Moyers & Company: Capitalism’s Favorite Television Program

The undercover act only goes so far — CEOs may go to the ground floor, but they, and the Undercover Boss producers, have no desire to expose what goes on in the basement. Most of the companies are retail-based; rarely do we get a look deeper down the supply chain. While the CEO of Fatburger is willing to see what life is like on the grill, how about life picking the tomatoes that garnish his patties? While Modell is floored by Angel’s struggle, does he explore the source of the sneakers she slings on the sales floor? To do so would be to find working conditions too squalid for network television. Unwittingly, the show reflects the narrow lens through which American capitalism considers labor.

Moyers & Company: Capitalism’s Favorite Television Program

Right now, there is a movement in churches and nonprofits arguing that charity is toxic, that helping hurts, and that the entire nonprofit sector needs to be reformed to truly lift people out of poverty. These charity skeptics are telling Christians that traditional charity deepens dependency, fosters a sense of entitlement, and erodes the work ethic of people who receive it. Charity skepticism is increasingly popular; and it is almost certainly wrong.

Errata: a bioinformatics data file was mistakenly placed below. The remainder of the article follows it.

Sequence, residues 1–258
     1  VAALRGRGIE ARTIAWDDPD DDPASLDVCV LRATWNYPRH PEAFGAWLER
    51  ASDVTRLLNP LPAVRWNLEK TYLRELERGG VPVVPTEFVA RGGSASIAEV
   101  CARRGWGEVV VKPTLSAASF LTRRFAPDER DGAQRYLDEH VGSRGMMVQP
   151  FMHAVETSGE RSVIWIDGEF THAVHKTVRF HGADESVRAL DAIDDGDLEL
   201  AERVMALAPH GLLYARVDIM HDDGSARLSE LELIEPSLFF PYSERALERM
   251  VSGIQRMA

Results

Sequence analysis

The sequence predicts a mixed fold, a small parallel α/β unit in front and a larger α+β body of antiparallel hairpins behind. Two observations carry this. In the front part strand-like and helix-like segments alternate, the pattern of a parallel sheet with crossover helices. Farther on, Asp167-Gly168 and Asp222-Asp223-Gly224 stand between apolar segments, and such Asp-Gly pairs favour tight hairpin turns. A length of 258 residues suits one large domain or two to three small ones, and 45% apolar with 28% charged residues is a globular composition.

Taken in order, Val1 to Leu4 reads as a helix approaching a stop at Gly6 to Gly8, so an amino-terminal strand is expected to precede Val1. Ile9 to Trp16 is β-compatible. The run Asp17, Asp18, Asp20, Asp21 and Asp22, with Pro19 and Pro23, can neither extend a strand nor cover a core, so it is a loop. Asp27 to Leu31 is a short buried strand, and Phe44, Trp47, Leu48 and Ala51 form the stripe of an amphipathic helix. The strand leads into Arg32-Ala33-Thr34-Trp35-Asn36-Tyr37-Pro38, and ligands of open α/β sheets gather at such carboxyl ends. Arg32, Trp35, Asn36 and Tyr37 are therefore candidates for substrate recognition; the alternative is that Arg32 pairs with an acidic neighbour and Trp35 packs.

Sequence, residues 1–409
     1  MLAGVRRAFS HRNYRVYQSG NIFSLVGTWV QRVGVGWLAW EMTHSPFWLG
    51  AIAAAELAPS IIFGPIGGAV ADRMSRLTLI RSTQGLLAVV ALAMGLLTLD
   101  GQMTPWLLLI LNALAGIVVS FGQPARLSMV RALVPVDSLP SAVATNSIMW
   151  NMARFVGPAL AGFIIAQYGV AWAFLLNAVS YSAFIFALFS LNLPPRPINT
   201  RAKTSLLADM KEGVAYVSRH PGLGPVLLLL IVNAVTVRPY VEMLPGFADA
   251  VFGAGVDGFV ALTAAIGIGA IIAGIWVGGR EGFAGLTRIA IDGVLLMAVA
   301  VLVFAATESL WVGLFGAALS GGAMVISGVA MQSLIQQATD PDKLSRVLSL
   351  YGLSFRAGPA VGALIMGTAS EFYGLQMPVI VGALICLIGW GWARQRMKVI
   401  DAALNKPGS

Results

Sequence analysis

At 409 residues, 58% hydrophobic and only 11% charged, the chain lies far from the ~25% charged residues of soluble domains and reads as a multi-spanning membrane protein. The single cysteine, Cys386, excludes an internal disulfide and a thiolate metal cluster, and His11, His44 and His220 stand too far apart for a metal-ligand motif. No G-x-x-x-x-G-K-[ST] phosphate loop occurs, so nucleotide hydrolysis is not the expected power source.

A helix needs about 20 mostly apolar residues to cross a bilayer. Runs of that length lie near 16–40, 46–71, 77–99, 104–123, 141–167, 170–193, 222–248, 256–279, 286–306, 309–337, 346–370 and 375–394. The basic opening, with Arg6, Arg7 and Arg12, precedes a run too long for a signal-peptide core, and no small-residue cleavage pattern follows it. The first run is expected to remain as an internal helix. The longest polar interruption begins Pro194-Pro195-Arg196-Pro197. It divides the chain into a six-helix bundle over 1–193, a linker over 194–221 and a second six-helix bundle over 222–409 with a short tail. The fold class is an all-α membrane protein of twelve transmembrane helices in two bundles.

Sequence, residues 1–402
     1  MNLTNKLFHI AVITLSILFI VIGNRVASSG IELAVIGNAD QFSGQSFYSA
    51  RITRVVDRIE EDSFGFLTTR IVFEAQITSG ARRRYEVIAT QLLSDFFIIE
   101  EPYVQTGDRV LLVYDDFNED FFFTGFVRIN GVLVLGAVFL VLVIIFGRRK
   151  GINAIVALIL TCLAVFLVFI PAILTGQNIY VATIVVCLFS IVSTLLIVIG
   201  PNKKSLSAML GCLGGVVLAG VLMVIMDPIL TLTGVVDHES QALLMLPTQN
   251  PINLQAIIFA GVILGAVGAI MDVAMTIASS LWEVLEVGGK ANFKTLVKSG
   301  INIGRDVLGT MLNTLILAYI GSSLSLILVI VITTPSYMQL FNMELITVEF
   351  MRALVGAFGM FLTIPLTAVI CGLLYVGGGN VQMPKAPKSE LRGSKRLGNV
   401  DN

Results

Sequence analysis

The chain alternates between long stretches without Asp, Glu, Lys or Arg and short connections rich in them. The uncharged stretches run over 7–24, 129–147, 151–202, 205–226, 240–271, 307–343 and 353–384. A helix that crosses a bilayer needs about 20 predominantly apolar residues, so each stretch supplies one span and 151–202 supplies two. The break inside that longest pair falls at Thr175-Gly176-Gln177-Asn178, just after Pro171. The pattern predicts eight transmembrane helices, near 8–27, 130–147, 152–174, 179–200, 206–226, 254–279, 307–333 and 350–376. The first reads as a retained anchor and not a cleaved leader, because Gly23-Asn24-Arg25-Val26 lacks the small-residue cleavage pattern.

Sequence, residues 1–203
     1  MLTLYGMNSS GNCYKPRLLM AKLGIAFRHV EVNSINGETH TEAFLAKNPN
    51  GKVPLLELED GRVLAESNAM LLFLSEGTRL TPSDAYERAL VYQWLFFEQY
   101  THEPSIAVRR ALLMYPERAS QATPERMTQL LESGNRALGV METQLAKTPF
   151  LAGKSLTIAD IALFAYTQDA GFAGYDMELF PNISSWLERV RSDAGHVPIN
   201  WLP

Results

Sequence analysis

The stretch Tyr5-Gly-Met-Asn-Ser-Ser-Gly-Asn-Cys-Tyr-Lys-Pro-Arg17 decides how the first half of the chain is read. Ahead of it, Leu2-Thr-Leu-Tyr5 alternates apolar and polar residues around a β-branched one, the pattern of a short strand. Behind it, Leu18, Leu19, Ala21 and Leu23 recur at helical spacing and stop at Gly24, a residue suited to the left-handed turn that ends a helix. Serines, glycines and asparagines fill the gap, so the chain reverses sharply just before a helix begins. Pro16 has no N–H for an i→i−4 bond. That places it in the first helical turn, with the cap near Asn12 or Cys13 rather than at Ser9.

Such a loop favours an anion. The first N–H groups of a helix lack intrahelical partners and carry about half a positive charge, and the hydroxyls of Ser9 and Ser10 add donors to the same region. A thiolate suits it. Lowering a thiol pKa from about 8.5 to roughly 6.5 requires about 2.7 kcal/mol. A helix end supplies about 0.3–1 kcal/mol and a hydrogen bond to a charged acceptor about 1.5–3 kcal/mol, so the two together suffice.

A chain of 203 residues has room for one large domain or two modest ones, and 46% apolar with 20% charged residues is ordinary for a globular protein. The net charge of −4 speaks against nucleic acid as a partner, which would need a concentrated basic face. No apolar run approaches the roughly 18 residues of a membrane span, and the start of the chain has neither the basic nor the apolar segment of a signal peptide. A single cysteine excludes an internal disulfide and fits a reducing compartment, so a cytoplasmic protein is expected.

Now available from Wipf and Stock’s Cascade Books imprint, Radical Charity: How Generosity Can Save the World (And the Church) weaves together research and scholarship on topics as diverse as biblical scholarship, Christian history, economics, and behavioral psychology to tell a different story. In this story, charity is the heart of Christianity and one of the most effective ways that we can help people who are living in poverty. Charity—giving to people experiencing poverty without any expectation of return or reformation—can save the world and help make God’s vision for the church a reality.

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